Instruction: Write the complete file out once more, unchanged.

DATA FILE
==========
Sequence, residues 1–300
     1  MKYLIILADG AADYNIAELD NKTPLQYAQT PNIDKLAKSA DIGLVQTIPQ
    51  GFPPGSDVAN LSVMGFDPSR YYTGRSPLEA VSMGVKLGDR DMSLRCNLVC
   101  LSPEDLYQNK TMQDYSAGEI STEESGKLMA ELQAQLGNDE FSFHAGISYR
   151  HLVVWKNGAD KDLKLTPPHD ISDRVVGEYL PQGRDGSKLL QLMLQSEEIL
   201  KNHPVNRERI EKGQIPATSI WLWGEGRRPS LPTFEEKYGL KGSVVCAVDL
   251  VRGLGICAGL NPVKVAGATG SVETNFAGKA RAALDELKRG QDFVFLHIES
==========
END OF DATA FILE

Sequence, residues 1–300
     1  MKYLIILADG AADYNIAELD NKTPLQYAQT PNIDKLAKSA DIGLVQTIPQ
    51  GFPPGSDVAN LSVMGFDPSR YYTGRSPLEA VSMGVKLGDR DMSLRCNLVC
   101  LSPEDLYQNK TMQDYSAGEI STEESGKLMA ELQAQLGNDE FSFHAGISYR
   151  HLVVWKNGAD KDLKLTPPHD ISDRVVGEYL PQGRDGSKLL QLMLQSEEIL
   201  KNHPVNRERI EKGQIPATSI WLWGEGRRPS LPTFEEKYGL KGSVVCAVDL
   251  VRGLGICAGL NPVKVAGATG SVETNFAGKA RAALDELKRG QDFVFLHIES